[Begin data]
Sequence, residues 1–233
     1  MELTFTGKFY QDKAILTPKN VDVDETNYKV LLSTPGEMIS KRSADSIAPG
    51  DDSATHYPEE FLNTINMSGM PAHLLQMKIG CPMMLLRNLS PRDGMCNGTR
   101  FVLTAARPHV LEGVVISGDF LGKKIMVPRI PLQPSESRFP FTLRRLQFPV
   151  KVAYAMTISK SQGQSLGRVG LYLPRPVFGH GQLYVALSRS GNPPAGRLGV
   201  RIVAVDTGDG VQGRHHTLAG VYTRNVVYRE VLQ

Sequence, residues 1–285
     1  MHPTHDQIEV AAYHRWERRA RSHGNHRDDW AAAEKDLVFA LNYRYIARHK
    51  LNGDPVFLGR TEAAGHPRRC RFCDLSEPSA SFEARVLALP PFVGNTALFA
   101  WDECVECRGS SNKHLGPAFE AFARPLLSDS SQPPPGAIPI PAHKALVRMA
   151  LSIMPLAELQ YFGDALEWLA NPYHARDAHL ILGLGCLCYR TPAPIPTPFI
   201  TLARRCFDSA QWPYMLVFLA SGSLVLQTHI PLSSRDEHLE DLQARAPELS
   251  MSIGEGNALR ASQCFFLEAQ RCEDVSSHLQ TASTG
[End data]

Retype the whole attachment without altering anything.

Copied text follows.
Sequence, residues 1–233
     1  MELTFTGKFY QDKAILTPKN VDVDETNYKV LLSTPGEMIS KRSADSIAPG
    51  DDSATHYPEE FLNTINMSGM PAHLLQMKIG CPMMLLRNLS PRDGMCNGTR
   101  FVLTAARPHV LEGVVISGDF LGKKIMVPRI PLQPSESRFP FTLRRLQFPV
   151  KVAYAMTISK SQGQSLGRVG LYLPRPVFGH GQLYVALSRS GNPPAGRLGV
   201  RIVAVDTGDG VQGRHHTLAG VYTRNVVYRE VLQ

Sequence, residues 1–285
     1  MHPTHDQIEV AAYHRWERRA RSHGNHRDDW AAAEKDLVFA LNYRYIARHK
    51  LNGDPVFLGR TEAAGHPRRC RFCDLSEPSA SFEARVLALP PFVGNTALFA
   101  WDECVECRGS SNKHLGPAFE AFARPLLSDS SQPPPGAIPI PAHKALVRMA
   151  LSIMPLAELQ YFGDALEWLA NPYHARDAHL ILGLGCLCYR TPAPIPTPFI
   201  TLARRCFDSA QWPYMLVFLA SGSLVLQTHI PLSSRDEHLE DLQARAPELS
   251  MSIGEGNALR ASQCFFLEAQ RCEDVSSHLQ TASTG